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The Struggle for Sustainability in Rural China: Environmental Values and Civil Society Paperback – December 15, 2009

ISBN-13: 978-0231150019 ISBN-10: 0231150016

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Product Details

  • Paperback: 216 pages
  • Publisher: Columbia University Press (December 15, 2009)
  • Language: English
  • ISBN-10: 0231150016
  • ISBN-13: 978-0231150019
  • Product Dimensions: 8.8 x 5.9 x 0.4 inches
  • Shipping Weight: 9.6 ounces (View shipping rates and policies)
  • Average Customer Review: 4.7 out of 5 stars  See all reviews (3 customer reviews)
  • Amazon Best Sellers Rank: #1,051,745 in Books (See Top 100 in Books)

Editorial Reviews

Review

Tilt's remarkable... timely book, which offers a major contribution to the study of China and environmental governance in the developing world.

(Anna Lora-Wainwright The China Journal)

An interesting and illuminating book for scholars who wish to understand the present ecological situation in rural China and the daily conflict between values and actions that confront the local governments and citizens of China.

(Li Ying China Quarterly)

An important addition to environmental studies of China.

(Yan Gao H-Environment)

Struggle for Sustainability has something important to offer a wide audience...its manageable rendering of technical and scientific industrial production and pollution measurement reaches the nonenvironmental specialist; and its lucid prose and compelling ethnographic evidence have the potential to attract a lay readership beyond the environs of academia.

(Jennifer Hubbert American Anthropologist 1900-01-00)

Review

Bryan Tilt tackles the multifaceted nature of environmental conditions, crises, and responses. In this nuanced, detailed analysis, the reader is presented with a slice of history, life, problems, actions, and consequences. In short, Tilt's work is informative, engaging, and unique.

(Barbara Rose Johnston, UNESCO-IHP advisor on water and cultural diversity, and senior research fellow, Center for Political Ecology)

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Customer Reviews

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Most Helpful Customer Reviews

3 of 3 people found the following review helpful By E. N. Anderson VINE VOICE on January 26, 2010
Format: Paperback
This book is an excellent study of the ways China's environmental devastation plays on the ground in a rural region. Tilt shows how awful the Maoist "struggle against nature" is in reality. This book provides valuable contexting for other, more broad and general work on the Chinese environment (books by Vaclav Smil, Elizabeth Economy, K. Abe and James Nickum, etc.). More important, it is part of the sobering answer to China-boosters like Thomas Friedman and Orville Schell. They live in a dream-world, accepting China's distorted "growth" figures and neglecting not only environmental costs but human rights issues, apparently thinking that economic growth can be sustained indefinitely in the absence of personal freedoms. Tilt's book, which is particularly balanced and cautious (not alarmist or extreme-environmentalist), is an ideal corrective.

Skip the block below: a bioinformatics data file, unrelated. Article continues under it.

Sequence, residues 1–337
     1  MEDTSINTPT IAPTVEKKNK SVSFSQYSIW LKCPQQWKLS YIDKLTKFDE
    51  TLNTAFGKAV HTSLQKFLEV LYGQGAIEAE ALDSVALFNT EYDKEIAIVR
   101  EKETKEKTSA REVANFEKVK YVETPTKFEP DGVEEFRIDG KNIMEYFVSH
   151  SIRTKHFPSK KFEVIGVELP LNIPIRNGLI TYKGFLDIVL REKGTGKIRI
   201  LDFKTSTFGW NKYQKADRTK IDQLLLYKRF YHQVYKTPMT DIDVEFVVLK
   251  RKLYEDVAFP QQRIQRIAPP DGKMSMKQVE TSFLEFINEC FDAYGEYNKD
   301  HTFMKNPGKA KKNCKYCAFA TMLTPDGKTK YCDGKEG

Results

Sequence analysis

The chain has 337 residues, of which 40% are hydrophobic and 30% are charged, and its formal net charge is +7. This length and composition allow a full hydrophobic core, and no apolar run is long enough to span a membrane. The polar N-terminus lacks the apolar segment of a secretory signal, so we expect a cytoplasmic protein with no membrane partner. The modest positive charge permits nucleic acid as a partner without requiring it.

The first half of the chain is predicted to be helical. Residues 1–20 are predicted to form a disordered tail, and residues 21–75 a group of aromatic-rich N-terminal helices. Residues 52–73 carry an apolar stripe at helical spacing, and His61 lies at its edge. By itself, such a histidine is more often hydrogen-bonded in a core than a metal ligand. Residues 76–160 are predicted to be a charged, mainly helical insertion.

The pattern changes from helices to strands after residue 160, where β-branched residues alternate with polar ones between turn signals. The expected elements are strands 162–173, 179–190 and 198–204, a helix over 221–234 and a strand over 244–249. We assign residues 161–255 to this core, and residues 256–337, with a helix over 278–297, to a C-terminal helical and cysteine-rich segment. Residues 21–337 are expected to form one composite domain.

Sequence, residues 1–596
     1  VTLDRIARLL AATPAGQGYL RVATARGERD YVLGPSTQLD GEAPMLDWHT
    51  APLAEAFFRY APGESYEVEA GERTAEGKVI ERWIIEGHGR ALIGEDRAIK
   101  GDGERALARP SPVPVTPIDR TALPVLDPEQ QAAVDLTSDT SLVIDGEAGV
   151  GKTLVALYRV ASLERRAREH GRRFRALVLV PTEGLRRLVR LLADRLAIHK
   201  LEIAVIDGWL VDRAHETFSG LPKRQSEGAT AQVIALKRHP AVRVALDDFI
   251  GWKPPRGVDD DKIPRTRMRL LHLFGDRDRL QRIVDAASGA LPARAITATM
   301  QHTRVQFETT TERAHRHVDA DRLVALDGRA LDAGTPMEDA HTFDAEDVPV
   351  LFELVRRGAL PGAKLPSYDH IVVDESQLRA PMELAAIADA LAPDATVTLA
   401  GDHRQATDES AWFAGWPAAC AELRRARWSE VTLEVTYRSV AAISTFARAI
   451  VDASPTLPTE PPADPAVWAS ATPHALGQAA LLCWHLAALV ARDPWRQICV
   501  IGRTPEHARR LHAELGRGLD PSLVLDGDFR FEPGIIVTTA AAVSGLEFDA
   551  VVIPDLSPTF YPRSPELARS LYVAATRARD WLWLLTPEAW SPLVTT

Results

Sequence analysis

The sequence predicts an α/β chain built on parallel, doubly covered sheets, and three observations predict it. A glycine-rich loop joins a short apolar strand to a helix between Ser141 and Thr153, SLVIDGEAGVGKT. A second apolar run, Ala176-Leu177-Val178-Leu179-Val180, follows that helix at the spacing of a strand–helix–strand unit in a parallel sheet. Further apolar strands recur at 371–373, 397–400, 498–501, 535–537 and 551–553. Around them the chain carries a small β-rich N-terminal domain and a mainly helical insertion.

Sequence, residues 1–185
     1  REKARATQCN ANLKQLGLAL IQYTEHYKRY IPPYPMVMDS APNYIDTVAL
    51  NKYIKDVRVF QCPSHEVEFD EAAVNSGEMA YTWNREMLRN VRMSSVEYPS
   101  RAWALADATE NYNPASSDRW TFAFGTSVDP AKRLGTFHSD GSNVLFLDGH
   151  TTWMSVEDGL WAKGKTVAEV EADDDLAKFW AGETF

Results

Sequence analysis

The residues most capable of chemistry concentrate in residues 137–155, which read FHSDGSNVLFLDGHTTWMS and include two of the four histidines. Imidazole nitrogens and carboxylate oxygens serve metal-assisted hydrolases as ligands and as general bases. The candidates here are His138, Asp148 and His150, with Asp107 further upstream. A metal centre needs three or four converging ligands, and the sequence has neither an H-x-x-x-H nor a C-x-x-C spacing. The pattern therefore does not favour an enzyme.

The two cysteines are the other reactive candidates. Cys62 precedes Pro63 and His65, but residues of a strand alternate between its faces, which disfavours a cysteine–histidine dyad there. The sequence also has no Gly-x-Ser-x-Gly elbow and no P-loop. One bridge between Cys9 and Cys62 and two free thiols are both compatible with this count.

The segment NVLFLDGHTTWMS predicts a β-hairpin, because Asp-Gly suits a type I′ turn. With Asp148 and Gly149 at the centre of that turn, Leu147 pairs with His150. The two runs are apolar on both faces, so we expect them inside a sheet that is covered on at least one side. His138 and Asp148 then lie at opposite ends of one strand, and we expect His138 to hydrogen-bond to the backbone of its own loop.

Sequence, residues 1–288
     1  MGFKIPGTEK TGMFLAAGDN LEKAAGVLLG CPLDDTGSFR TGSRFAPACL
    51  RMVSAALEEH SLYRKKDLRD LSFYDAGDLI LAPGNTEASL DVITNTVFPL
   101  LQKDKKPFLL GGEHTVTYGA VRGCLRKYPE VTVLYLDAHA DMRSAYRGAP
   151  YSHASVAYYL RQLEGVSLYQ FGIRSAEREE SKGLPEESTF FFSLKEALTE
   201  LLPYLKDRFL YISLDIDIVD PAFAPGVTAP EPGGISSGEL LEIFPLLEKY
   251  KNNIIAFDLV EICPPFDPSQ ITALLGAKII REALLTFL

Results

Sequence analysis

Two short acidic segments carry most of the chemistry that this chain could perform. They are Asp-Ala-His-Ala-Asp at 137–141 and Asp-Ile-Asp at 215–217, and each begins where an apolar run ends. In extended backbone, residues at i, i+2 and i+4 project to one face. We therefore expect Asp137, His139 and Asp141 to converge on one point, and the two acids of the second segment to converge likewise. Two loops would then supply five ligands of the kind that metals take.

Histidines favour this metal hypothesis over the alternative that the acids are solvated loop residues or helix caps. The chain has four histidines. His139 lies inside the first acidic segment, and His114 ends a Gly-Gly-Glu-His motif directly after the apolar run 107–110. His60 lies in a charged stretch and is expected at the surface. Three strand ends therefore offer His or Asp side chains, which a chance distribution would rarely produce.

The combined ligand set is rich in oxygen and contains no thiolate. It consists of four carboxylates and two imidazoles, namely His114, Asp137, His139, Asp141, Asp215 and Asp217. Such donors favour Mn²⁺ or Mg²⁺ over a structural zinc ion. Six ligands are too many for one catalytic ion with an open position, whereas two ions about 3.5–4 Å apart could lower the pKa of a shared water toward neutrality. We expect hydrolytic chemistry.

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1 of 1 people found the following review helpful By Maureen on September 27, 2010
Format: Paperback Verified Purchase
I was asssigned this book for a comparative development class in grad school. I found it very interesting compared to other case studies in the field. It's one of those cases that sort of defies logic (shutting down polluting factories can lead to increased pollution) and also lets you in on some useful history/culture and analysis (role of rural factories, role of media in china, etc). I've lent this book multiple times to classmates and will replace it if it is not returned. It had a reserved place on my shelf.
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1 of 2 people found the following review helpful By Loyd E. Eskildson HALL OF FAME on August 5, 2010
Format: Paperback
Author Tilt's book is based on three periods of field work totaling about 7 months between 2001-06, centered at Futian Township. By 2006, its factories (zinc smelter, coking plant, and coal-washing plant) had been closed for three years for non-compliance with pollution standards. Their role had primarily been to serve Panzhihua Iron and Steel. The impact of their closure was to create considerable financial problems for the township due to their no longer paying taxes. In 2005 China's EPA stopped 30 major industrial projects for failure to conduct environmental impact analyses. Ultimately the zinc smelter moved to the next town after receiving a better economic and regulatory deal.

Local government began investing in low-technology, labor-intensive factories in the 1980s to absorb surplus labor released by economic reforms, and to boost local incomes as well as tax coffers. By the early 2000s, these TVEs employed 135 million and provided one-third of the nation's GDP. Tilt says they also created up to 2/3 of the environmental problems, though I doubt that - normally one would expect the much bigger SOE factories to be the major contributors.

Mao had viewed industrialization as the key to China's future - thus, Deng's subsequent on development was not a change.

Many urban Chinese consider rural people to be an impediment to national goals.

Falling behind on eg. family-planning or population growth requirements (including household registration) risks losing subsidies from district and provincial governments.

On the downside, Tilt's work contained too much material on environmental bureaucracy, and even the rationale for its need.
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